Eq: Small Caps
Any small cap investor can tell you that the end of the year is not usually a good time. Small caps historically suffer in November and December compared to the rest of the year. However, 2019 looks to be shaping up differently according to the Wall Street Journal. The reason small caps are usually weak at the end of the year is that managers sell off their holdings and mirror the market at the year-end as a way of insulating their annual bonus (which is based on outperformance). However, in years where overall stock performance has been strong, this pattern is less obvious. So, given 2019’s strong gains, it seems like small caps probably won’t suffer so much.
FINSUM: This is by no means a guarantee, but it certainly seems like a more positive structural consideration.
A lot of demographers think there is going to be a coming baby boom, as Millennials finally have children. There is some disagreement over this as many think the boom is already a bust, but the reality is that there is likely to be a lot of babies born the next few years as Millennials make a last push to have children. The parents are likely to be older, which means more disposable income, and more spending. Therefore, buying into baby-oriented stocks seems like a good idea. Take a look at Carter’s, Bed Bath & Beyond (which has a baby unit), and Children’s Place.
FINSUM: We think there will be a baby rush over the next five years as Millennials try to have kids before aging out. That presents an opportunity for the baby sector.
If there were ever a small cap sector overwhelmed by their larger cousins, it would be in technology. Small cap tech stocks are so overshadowed by FAANGs and the like that one would be forgiven for not even realizing they exist. However, they do, and they may very well be a good buy at the moment. The S&P 600 Small-Cap Technology currently trades at half the valuation of the S&P 500 Technology index, way down from its historical spread. What’s more, profit estimates are healthier too. Calling small cap stocks “mini-fangs”, Leuthold Group argues that “the mini-Fangs offer a significantly higher growth profile at a substantially lower valuation”.
FINSUM: A couple notes here. Firstly, the FAANGs aren’t even really “tech” stocks anymore after the sector realignment, so the valuation comparisons are not perfect. Secondly, what is the catalyst? Leuthold argues that if the economy does a little better than expected then higher inflation will boost tech stocks. That sounds flimsy.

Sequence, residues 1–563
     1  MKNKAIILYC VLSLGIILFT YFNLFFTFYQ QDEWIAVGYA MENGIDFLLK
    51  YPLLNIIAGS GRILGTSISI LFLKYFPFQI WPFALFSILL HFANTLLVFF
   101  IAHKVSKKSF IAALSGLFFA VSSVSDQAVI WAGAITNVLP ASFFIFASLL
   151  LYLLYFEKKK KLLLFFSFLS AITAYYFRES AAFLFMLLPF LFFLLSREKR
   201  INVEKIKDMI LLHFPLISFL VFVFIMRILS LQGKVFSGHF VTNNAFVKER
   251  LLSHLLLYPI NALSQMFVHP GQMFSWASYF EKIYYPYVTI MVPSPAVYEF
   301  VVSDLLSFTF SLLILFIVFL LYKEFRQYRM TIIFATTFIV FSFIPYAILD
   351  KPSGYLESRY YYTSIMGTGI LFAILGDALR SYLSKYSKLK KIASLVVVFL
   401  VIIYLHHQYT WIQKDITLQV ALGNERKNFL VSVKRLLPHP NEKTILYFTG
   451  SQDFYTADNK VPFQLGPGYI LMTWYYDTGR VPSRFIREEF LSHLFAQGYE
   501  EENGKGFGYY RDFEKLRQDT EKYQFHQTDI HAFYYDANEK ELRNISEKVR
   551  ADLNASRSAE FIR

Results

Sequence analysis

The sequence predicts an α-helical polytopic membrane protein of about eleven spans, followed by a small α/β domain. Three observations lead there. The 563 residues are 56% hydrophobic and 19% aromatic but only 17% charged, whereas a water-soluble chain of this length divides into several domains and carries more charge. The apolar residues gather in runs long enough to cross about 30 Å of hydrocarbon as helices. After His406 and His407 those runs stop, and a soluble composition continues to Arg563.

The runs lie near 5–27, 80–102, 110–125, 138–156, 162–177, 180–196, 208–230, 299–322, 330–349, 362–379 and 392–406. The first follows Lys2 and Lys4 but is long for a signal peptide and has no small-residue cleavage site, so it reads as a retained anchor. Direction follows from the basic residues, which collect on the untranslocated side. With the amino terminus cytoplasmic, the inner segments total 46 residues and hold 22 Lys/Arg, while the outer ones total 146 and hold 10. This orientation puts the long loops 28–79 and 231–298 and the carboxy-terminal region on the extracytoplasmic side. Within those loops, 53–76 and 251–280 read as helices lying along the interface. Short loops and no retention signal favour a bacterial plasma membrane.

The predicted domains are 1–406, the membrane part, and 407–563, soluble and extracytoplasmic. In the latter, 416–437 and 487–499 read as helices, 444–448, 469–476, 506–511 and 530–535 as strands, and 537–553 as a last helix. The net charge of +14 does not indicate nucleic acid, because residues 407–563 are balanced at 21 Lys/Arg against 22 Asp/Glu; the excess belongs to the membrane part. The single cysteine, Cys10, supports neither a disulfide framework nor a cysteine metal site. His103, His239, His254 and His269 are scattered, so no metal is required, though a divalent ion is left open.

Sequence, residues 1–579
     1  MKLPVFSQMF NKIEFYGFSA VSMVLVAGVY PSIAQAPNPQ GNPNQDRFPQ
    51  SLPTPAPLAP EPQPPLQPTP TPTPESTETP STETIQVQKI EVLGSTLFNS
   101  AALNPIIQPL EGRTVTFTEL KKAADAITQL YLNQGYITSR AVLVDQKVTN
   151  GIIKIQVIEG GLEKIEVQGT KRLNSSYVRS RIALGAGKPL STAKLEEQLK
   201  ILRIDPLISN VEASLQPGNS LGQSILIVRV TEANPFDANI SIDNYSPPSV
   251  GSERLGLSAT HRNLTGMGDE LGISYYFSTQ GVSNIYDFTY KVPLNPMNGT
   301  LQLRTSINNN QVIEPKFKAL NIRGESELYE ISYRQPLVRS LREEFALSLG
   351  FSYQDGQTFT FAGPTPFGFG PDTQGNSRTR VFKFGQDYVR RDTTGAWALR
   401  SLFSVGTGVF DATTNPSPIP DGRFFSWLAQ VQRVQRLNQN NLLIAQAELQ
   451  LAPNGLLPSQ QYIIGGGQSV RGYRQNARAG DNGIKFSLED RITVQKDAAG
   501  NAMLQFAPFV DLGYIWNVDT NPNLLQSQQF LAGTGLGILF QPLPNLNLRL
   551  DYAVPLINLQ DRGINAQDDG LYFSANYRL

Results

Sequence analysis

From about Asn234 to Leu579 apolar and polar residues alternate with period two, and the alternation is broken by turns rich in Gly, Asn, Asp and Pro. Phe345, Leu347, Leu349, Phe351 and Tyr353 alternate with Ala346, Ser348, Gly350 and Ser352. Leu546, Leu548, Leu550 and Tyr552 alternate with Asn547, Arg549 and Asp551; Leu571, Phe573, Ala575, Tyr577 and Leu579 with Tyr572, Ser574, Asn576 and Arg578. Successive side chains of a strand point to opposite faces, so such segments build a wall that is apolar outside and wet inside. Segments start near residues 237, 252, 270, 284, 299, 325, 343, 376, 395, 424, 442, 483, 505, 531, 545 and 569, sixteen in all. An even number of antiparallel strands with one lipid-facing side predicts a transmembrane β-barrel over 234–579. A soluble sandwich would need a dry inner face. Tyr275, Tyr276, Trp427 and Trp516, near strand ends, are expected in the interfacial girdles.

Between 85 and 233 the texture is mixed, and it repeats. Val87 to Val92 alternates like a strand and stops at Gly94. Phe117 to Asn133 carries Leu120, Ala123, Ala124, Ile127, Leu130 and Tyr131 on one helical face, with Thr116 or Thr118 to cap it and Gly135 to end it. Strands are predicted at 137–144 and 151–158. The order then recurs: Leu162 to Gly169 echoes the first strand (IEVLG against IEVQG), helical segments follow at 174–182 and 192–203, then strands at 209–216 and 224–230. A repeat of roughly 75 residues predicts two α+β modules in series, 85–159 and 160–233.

Small caps socks are having a rough year relative to the S&P 500. The Russell 2000 is up 15%, but behind the 19% gain of large caps. However, one area of small caps is doing great—momentum small caps, which are ahead of even their large cap cousins. Funds like the Invesco DWA SmallCap Momentum (DWAS), are up 26% this year through Wednesday. The fund aims to match the performance of the best 10% of stocks in the Russell 2000. Speaking broadly on the performance, the head of research at Nasdaq Dorset Wright says “Momentum can thrive in a market where you have a wide range of dispersions, and that’s especially true in the small-cap space, where you can have a big difference between the best and worst performers”.
FINSUM: There is a quite a variance in performance and financial conditions of small cap companies, and given the prevailing environment, that is creating highly differential results, which is great for momentum funds.
On the one hand the market looks very healthy (new all-time highs every day), but if you look more deeply there are some signs of dysfunction that appear as though they may spill out into the biggest indexes. Demand for risk assets looks quite weak. Consider for instance that the Russell 2000 is hurting even as large caps rise. Similarly, junk bonds are not doing well despite the seeming risk-on environment. Both of those developments show that liquidity is lacking. “Small caps are more sensitive to liquidity issues, both good and bad”, says a market strategist.
FINSUM: The weakness is small caps and junk bonds shows that more investors are sitting on the sidelines right now, but that does not necessarily mean trouble more broadly.
There is no arguing it, small caps have had a rough year. While the S&P 500 is up 9.4% from a year ago, the SmallCap 600 is down 8.4%. The divergence has been surprising to many, as several macro trends appear favorable for small cap appreciation, such as the trade war. However, for small caps to really get wind in their sails, things needing to be looking up in the economy, which seems unlikely in the short term. Therefore, one of the best ways to bet on size in your portfolio is to buy a specialized fund like the iShares Edge MSCI USA Size Factor ETF, which holds stocks in inverse proportion to their size. The smaller the stock, the greater its weight in the fund, helping investors skew towards small stocks, but not totally away from larger ones. The fund has outperformed the S&P 500 this year.
FINSUM: This is a very specialized angle, but does make some sense. We agree with the assessment of small caps right now—the underlying economy is not favorable for small cap bullishness.